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The roles of the cerebellum and basal ganglia have typically been confined in the literature to motor planning and control. However, mounting evidence suggests that these structures are involved in more cognitive domains such as language processing. In the current study, we looked at effective connectivity (the influence that one brain region has on(More)
BACKGROUND The current study examined the neuro-cognitive network of visual word rhyming judgment in 14 children with dyslexia and 14 age-matched control children (8- to 14-year-olds) using functional magnetic resonance imaging (fMRI). METHODS In order to manipulate the difficulty of mapping orthography to phonology, we used conflicting and(More)
Using Dynamic Causal Modeling (DCM) and functional magnetic resonance imaging (fMRI), we examined effective connectivity between three left hemisphere brain regions (inferior frontal gyrus, inferior parietal lobule, fusiform gyrus) and bilateral medial frontal gyrus in 12 children with reading difficulties (M age=12.4, range: 8.11-14.10) and 12 control(More)
We used functional magnetic resonance imaging to examine task-specific modulations of effective connectivity within a left-hemisphere language network during spelling and rhyming judgments on visually presented words. We identified sites showing task-specific activations for rhyming in the lateral temporal cortex (LTC) and for spelling in the intraparietal(More)
The current study examined developmental changes in activation and effective connectivity among brain regions during a phonological processing task, using fMRI. Participants, ages 9-15, were scanned while performing rhyming judgments on pairs of visually presented words. The orthographic and phonological similarity between words in the pair was(More)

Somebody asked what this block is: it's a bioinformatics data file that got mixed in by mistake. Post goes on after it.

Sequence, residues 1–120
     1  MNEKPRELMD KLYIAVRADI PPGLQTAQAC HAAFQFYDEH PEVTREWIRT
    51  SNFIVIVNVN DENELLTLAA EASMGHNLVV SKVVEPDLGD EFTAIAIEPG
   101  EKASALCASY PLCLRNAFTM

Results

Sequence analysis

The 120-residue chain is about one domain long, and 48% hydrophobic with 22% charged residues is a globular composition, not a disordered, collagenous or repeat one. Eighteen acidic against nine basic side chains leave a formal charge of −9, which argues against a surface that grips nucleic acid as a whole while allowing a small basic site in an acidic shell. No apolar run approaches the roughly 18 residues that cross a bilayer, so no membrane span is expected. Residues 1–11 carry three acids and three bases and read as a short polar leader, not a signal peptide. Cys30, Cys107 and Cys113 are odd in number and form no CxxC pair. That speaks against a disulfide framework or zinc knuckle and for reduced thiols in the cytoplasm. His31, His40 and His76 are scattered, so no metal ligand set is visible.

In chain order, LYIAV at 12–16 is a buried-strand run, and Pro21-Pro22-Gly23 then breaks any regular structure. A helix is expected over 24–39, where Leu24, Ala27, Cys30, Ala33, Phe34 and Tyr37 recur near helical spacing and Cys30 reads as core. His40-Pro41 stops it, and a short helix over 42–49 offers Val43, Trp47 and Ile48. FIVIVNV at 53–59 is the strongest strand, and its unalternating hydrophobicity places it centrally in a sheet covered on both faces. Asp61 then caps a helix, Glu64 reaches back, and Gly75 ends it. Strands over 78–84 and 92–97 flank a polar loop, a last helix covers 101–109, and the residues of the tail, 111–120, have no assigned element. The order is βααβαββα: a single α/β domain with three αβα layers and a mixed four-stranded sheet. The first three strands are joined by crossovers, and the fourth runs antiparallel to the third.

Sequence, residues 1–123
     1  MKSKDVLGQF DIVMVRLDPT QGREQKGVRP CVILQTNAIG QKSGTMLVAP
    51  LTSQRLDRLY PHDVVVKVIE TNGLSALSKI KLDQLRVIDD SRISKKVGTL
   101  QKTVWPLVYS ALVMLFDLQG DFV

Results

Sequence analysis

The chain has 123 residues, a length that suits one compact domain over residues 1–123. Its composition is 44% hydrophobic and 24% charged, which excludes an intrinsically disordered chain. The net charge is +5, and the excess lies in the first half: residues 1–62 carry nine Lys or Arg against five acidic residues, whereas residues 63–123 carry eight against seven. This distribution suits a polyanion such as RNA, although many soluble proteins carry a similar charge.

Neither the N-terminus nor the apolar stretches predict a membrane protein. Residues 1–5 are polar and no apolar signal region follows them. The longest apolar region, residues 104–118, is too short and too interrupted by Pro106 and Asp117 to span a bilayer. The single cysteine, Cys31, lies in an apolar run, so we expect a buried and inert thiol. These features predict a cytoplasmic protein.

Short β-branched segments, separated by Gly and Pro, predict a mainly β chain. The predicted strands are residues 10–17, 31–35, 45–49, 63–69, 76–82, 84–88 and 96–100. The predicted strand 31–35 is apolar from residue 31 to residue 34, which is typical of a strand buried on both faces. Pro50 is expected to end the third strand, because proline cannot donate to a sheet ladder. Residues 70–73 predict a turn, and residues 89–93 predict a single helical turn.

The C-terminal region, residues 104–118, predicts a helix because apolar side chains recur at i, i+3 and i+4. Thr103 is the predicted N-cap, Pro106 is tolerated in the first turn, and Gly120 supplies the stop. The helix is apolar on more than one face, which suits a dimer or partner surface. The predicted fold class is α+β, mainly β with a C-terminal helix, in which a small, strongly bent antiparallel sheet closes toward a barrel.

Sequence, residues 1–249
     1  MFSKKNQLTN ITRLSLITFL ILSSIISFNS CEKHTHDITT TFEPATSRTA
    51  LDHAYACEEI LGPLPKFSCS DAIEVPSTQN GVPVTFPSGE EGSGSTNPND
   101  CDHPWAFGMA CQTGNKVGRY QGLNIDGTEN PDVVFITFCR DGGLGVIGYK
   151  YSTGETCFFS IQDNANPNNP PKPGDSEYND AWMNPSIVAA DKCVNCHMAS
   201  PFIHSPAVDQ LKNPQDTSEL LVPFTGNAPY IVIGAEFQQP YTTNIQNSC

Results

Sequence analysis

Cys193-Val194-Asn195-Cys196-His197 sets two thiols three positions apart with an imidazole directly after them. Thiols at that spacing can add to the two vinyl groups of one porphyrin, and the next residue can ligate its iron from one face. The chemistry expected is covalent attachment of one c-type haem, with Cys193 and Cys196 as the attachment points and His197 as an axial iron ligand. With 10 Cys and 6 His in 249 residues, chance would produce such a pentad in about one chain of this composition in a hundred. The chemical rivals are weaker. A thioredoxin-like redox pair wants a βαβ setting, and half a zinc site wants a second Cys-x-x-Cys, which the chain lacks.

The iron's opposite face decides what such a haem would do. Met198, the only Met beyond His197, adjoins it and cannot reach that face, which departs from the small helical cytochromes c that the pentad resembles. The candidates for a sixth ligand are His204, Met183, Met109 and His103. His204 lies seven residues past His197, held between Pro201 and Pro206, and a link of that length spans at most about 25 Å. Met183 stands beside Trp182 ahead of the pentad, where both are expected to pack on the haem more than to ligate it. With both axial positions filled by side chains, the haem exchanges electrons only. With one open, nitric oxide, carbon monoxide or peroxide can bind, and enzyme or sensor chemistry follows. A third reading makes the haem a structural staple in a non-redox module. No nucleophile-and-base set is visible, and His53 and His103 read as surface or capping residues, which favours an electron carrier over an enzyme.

Neuroimaging studies have suggested that left inferior frontal gyrus, left inferior parietal lobule and left middle temporal gyrus are critical for semantic processing in normal children. The goal of the present functional magnetic resonance imaging (fMRI) study was to determine whether these regions are systematically related to semantic processing in(More)
Age-related differences (9- to 15-year-olds) in the neural correlates of mapping from phonology to orthography were examined with functional magnetic resonance imaging (fMRI). Participants were asked to determine if two spoken words had the same spelling for the rime (corresponding letters after the first consonant or consonant cluster). Some of the word(More)
In a previous study [Cogn. Brain Res. 16 (2003) 325], we found that letter knowledge did not evolve from implicit training on whole-word recognition in an artificial Morse-like script, although the participants were adults, experienced in alphabetical reading. Here we show minimal conditions in which letter knowledge may evolve in some individuals from(More)
In neuroimaging studies of word reading in natural scripts, the effect of alphabeticality is often confounded with the effect of practice. We used an artificial script to separately manipulate the effects of practice and alphabeticality following training with and without explicit letter instructions. Participants received multi-session training in reading(More)
Functional magnetic resonance imaging (fMRI) was used to explore the neural correlates of semantic judgments in the auditory modality in a group of 9- to 15-year-old children. Subjects were required to indicate if word pairs were related in meaning. Consistent with previous findings in adults, children showed activation in bilateral superior temporal gyri(More)